# Best way to write an equation while explaining something in a paper

I have found it difficult sometimes to write properly an equation in the middle of some explanations on a research paper, for example:

This can be rewritten by a change in parametrization a = m as,
E = ac²
which, then simplifies to,
E = a c × c.

I have seen people writing it in different styles. In this one, I assume that the equations break the flow of the sentence. So, I usually put a full stop after explaining the entire sentence. So, the w in which in my example in lower case.

Is there a conventional way to write things like this that is considered more scientific?

• This does not answer your question about the formatting, but your commas are misplaced. The correct placement is: ... $a = m$ as $$E = ac^2,$$ which then simplifies to $$E = a c \times c.$$ (Also note that you should not really use $$to display math in Latex. But maybe you are only doing this for the sake of simplicity here.) May 12, 2023 at 18:05 • Is there supposed to be a "where" somewhere in your example? Regardless, to quote David Mermin in What's wrong with these equations?, Physics Today 42 (10), 9–11 (1989);, "Math Is Prose" so equations really shouldn't break the flow of sentences. May 12, 2023 at 20:44 • @AdamPřenosil yes, i use$$ only here because of the stack exchange environment. Surprisingly, it doesn't work on this particular forum. Thanks for the suggestion anyway. May 12, 2023 at 20:57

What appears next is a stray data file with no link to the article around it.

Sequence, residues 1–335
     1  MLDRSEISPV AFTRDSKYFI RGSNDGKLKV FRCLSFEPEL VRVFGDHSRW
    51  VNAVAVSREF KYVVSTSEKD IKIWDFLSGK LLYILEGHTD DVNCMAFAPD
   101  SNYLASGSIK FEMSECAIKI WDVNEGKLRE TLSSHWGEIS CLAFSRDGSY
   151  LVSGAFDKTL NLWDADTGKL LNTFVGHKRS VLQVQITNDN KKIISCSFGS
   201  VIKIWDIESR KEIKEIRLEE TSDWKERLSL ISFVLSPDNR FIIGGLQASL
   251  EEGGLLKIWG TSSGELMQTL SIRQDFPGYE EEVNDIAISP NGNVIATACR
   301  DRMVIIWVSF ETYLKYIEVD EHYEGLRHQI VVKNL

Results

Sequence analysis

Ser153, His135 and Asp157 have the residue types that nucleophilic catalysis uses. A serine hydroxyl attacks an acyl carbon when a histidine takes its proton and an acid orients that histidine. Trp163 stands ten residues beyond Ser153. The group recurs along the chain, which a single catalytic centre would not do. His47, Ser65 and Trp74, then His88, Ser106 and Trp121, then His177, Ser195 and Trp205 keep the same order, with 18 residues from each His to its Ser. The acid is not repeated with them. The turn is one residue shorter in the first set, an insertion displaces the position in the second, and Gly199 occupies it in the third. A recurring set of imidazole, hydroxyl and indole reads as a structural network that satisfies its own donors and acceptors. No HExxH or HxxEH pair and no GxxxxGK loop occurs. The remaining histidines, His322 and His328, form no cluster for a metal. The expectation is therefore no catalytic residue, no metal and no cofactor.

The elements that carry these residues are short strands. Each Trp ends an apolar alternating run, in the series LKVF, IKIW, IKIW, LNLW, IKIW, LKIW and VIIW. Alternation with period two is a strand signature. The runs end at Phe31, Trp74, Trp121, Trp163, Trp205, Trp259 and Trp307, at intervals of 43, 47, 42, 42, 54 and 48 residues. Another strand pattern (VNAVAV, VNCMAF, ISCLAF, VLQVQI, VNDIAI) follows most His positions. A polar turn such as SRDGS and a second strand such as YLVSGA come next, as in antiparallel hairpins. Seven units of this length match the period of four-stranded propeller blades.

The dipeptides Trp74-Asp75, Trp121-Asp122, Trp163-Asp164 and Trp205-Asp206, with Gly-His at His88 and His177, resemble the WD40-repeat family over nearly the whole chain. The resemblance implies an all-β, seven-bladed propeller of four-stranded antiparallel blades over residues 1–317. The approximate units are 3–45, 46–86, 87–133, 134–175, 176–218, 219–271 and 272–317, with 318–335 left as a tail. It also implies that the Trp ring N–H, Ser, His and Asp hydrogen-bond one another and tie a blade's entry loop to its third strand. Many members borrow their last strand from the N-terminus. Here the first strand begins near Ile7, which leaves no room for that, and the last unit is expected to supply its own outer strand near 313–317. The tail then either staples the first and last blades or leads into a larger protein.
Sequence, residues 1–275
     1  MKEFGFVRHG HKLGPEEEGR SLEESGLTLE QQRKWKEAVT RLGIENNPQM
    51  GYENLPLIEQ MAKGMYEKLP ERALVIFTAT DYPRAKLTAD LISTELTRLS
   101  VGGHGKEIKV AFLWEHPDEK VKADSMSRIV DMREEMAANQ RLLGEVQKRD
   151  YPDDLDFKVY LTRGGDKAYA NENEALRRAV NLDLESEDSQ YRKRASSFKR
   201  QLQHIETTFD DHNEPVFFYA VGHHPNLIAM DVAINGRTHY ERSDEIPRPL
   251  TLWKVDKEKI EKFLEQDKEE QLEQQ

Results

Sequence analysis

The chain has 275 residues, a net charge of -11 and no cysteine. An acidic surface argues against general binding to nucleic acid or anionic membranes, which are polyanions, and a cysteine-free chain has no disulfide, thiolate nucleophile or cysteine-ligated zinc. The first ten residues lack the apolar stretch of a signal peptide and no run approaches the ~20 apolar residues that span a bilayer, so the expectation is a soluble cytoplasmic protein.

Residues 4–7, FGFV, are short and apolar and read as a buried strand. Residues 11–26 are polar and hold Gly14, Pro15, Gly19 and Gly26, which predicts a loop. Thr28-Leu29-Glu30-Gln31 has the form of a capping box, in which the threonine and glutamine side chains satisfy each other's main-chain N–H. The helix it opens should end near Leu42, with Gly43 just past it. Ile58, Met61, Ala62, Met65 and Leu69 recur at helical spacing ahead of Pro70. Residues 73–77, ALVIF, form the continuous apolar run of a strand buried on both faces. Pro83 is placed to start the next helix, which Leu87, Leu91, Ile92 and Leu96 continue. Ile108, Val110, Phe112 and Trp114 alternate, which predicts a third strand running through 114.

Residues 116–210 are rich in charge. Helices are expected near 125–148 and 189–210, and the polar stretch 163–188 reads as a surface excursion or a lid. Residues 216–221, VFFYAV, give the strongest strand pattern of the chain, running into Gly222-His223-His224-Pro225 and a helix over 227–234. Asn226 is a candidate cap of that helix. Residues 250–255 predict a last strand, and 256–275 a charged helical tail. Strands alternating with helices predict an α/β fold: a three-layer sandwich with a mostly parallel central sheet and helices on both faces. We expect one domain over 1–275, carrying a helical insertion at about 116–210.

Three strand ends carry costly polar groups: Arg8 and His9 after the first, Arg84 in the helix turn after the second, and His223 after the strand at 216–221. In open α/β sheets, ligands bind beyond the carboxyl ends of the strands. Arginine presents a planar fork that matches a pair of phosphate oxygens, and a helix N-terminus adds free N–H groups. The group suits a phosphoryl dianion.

• @Anyon Thanks for the nice suggestion and reference. I will look into this. :) May 12, 2023 at 20:58
• @Chris_abc Yes, certainly you don't want to start the line after the displayed equation with a comma. May 13, 2023 at 18:07

You treat mathematical equations like regular parts of prose. As a rule of thumb, your surrounding prose and formatting should be just as it would be if you replace all your equations with [thing]. If we do this we will see that your commas are all over the place and make for an awkward pacing of your sentence:

This can be rewritten by a change in parametrization [thing] as, [thing] which, then simplifies to, [thing].

A much better form would be:

This can be rewritten by a change in parametrization [thing] as [thing], which then simplifies to [thing].

Another thing to bear in mind is that modern mathematics can lean heavily on the benefits of standard mathematical notation making use of the transitivity of equivalence relations to give clear sequences of steps in a succinct notational form. While ancient mathematicians tended to present mathematical steps and implications using more prose, we can write them in a very succinct way like this:

Taking [thing] gives [thing].

For your particular case, you could write:

Taking $a=m$ gives $$E = mc^2 = ac^2 = ac \times c.$$